"I am hopeful the lifting of the ban on transgender service members will stick this time. The military will have four years to acculturate behind lifting this ban," said Osburn. "The Pentagon did not support Trump's tweet that lifted the Obama policy. I think the Pentagon and services will be even further in support of transgender troops. That said, we saw what the prior administration did on all sorts of LGBT issues. I don't think we have emerged from this neo-fascist era that is upon us from some members of the Trump wing of the Republican Party, so I think one has to remain vigilant."
Events organized by the Modern Military Association of America, the successor nonprofit to SLDN that now advocates on behalf of LGBTQ service members and their families, will be taking place in Washington, D.C. throughout Monday to mark 10 years without DADT. A moment of silence to honor past and present out military members will take place online via Facebook Live from 5 to 5:15 a.m. (All times Pacific.)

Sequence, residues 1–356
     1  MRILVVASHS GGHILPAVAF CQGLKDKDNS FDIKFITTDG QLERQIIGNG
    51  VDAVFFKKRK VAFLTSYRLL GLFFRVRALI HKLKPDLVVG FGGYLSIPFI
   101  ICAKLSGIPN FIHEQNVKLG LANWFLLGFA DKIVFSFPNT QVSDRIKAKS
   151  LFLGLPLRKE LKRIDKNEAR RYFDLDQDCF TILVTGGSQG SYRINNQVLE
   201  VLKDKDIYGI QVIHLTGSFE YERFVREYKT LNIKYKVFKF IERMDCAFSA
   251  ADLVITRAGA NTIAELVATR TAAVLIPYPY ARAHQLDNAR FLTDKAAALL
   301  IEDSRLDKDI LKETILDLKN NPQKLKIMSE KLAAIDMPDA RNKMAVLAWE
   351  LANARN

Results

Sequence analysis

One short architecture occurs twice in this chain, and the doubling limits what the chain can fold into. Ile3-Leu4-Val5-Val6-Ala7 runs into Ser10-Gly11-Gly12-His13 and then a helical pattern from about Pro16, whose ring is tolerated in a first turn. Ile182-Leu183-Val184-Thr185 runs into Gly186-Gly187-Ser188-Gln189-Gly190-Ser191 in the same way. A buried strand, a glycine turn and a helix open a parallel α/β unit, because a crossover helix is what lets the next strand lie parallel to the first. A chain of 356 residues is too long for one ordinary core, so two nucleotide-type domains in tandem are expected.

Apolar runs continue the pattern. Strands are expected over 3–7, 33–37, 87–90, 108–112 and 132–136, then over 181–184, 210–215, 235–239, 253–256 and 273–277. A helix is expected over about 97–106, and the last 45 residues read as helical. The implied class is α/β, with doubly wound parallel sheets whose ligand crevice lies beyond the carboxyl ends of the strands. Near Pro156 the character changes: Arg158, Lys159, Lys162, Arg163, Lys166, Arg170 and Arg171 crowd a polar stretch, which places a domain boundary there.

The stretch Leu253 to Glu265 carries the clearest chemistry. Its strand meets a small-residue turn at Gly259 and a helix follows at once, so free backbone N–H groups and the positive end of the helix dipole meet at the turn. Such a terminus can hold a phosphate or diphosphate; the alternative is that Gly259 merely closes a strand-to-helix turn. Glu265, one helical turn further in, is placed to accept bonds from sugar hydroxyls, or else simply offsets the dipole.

At 6 a.m. a wreath will be laid at the Tomb of the Unknown Soldier in Arlington National Cemetery. It will be followed by a 9 a.m. memorial service at the gravesite of the late gay technical sergeant Leonard Matlovich. The onetime resident of San Francisco's LGBTQ Castro neighborhood — a plaque is affixed to the building at Castro and 18th Streets where he resided in the late 1970s and early 1980s — served in the Air Force during the Vietnam War.
Matlovich became an overnight media sensation when a photo of him in uniform appeared on the cover of Time magazine in September 1975 underneath the headline "I Am A Homosexual" at a time when most LGBT people feared to come out of the closet. He died due to AIDS in 1988 one month shy of his 45th birthday and is buried in Congressional Cemetery in Washington.